Social psychologist Dr. Albert Bandura, says we feel stress when we feel like we’re out of control of the situation. He recommends perceiving the experience as a challenge and once you overcome that challenge you’ll have boosted confidence⁹.
If you learn how to exercise your mental fitness muscle then stress doesn’t need to be something to manage. Instead, a glass half-full mindset becomes your default, and you learn to address what would otherwise be an overwhelming or anxious situation with calm and confidence. Or you learn to not stress about what’s out of your control and just focus on what you can control, which is very powerful and motivating.
Being stressed-out negatively affects our sleep, immune response, hormones and can cause serious health problems like anxiety, chest pains, digestive issues, high blood pressure, and heart disease¹⁰.
According to a survey by the Depression and Anxiety Association, 72% of the respondents reported that daily stress interferes with their everyday life and 56% reported that anxiety interferes with their job performance¹¹.
But stress doesn’t have to weigh you down. Learn how to exercise your mental fitness muscle, you don’t even need a gym, just a change in perspective.
Exercise, nutrition, sleep and mental fitness are all intertwined and create a foundation to the overall network of health.
The Top 15 Ways Good Health Impacts Your Business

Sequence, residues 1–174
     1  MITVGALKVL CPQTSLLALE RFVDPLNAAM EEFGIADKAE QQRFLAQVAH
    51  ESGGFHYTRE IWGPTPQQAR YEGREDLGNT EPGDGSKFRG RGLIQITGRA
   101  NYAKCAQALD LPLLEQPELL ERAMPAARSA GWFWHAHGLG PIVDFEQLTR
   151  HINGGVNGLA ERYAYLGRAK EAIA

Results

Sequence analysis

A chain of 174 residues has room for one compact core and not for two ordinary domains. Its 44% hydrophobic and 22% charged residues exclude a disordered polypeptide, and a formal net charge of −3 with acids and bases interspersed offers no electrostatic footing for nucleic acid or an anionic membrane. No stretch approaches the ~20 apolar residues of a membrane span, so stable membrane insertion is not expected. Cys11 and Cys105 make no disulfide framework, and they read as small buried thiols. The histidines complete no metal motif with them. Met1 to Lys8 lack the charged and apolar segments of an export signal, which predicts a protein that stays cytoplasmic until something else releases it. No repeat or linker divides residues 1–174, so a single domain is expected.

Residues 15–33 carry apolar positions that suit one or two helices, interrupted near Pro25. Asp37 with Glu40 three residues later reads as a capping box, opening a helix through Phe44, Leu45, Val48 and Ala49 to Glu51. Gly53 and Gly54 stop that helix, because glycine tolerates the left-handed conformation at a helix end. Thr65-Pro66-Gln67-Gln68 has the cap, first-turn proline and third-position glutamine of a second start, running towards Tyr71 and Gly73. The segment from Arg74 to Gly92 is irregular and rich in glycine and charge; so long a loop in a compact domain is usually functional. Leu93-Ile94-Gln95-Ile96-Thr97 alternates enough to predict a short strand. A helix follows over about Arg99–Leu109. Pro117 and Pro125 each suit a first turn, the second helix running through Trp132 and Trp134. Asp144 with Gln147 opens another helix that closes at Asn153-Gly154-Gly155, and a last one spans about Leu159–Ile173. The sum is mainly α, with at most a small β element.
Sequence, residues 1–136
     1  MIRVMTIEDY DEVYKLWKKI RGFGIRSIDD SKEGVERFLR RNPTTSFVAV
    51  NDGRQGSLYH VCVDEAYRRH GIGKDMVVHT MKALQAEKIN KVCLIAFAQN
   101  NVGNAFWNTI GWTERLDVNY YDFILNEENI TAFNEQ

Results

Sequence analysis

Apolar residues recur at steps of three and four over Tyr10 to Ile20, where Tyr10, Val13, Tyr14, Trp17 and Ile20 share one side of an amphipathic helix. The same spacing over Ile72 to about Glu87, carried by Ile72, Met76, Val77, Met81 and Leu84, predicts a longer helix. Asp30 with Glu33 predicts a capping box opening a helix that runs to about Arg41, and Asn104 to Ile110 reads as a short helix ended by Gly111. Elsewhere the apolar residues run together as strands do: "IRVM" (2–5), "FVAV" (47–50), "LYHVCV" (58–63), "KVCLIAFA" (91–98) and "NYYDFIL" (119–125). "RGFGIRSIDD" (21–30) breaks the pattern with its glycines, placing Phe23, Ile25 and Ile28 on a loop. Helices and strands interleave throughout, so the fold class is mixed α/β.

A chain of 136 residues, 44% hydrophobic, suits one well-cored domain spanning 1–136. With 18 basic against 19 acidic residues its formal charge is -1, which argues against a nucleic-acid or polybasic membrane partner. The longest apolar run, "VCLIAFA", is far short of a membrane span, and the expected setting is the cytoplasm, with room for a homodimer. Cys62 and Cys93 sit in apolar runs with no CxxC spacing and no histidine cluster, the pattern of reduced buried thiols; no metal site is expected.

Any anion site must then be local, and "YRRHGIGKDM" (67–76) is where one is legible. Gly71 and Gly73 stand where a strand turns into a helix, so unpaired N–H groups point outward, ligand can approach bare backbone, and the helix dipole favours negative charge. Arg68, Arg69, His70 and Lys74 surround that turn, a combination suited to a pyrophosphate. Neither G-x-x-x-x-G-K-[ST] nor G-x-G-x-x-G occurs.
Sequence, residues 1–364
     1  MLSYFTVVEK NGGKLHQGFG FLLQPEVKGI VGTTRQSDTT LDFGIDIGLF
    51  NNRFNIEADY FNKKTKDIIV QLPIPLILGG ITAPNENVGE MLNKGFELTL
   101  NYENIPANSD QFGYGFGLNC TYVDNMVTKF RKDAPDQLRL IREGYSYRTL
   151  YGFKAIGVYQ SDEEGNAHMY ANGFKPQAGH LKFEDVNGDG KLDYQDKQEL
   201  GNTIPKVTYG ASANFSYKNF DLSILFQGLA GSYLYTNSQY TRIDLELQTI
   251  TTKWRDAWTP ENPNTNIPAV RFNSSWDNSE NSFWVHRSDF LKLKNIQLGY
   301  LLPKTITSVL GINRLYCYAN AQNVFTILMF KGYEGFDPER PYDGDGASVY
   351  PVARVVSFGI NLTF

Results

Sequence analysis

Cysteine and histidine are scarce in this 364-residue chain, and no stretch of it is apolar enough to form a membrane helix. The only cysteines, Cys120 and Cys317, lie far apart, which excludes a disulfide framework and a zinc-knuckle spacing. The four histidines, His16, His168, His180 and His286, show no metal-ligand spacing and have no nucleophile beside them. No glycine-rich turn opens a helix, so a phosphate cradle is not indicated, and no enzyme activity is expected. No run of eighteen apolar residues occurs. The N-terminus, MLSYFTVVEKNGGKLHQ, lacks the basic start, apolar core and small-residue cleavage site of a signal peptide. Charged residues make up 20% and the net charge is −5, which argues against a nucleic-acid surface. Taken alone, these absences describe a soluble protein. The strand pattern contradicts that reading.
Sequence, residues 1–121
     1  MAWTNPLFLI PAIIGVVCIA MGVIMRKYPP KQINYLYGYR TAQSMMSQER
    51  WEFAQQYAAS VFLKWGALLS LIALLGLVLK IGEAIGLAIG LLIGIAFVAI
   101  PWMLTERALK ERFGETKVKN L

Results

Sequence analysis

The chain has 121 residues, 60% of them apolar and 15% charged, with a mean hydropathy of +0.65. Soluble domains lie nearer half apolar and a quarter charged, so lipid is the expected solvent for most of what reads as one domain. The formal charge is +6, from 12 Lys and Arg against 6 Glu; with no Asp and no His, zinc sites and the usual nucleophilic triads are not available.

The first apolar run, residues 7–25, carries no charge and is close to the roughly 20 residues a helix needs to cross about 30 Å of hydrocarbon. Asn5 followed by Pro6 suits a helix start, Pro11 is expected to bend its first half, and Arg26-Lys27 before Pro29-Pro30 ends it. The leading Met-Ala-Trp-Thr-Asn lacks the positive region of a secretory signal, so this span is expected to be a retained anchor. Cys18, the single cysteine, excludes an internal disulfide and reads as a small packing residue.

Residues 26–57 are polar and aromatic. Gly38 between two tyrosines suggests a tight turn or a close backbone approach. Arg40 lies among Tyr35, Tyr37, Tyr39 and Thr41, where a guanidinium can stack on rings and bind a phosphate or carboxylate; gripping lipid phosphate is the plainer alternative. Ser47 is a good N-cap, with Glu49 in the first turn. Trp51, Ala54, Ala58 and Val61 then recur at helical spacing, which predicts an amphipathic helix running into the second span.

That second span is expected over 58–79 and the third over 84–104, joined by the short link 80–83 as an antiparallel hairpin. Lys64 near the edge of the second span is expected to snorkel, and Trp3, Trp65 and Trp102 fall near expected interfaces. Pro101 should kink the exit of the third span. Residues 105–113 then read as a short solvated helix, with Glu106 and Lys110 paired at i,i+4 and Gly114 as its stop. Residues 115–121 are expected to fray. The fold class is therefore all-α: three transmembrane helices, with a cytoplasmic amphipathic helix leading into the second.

1. Better mental clarity
2. Improved mood and attitude
3. Greater patience
4. Longer concentration
5. More energy
6. Able to more easily overcome potential stressors
7. Greater confidence and willingness to take on challenges
8. Strength to persist when things get tough
9. Positively impacts professional and personal relationships
10. Enables you to think strategically, “outside the box”
11. Improved efficiency and productivity
12. Fewer doctor visits and days out sick
13. Improved emotional resilience
14. More opportunistic
15. Ability to work longer in your career
An Appraiser Advocate and Health Advocate
I did my first appraisal when I was 25 years old. Nearly 40 years later I still enjoy this profession; as well as teaching and coaching other appraisers on many aspects of residential appraising.
However, my first passion is as a health advocate.
I played football in college and graduated with a degree in Health and Physical Education.
The lessons I learned on the playing field and the knowledge gained in the classroom have helped me greatly throughout my appraisal career.
Although I only taught for a few years, I’ve continued to have an avid interest in health and its impact on business and personal success.
My coaching program is centered around helping appraisers gain appraisal and business skills. And in some of these sessions I enthusiastically discuss various health and fitness topics.
These are some of my students’ most welcomed segments. Partly because it’s unique to combine the business of appraising and health. But mostly, they find the information about health to be beneficial to their everyday lives and businesses.
The value of health is not emphasized in our profession, and you won’t find a CE class on it. But it’s definitely a big component of long term business success.
Today I’m healthy and in good shape, weigh the same as when I was a senior in high school and have a lot of energy.
I rarely get sick and some find it surprising that I haven’t had any surgeries or that I’m not on any medications.
But of course, I have some aches and pains like many of my friends and colleagues.
For full disclosure my wife is a Health Coach who graduated from a world-class integrative nutrition program and has been the single biggest influence on my health.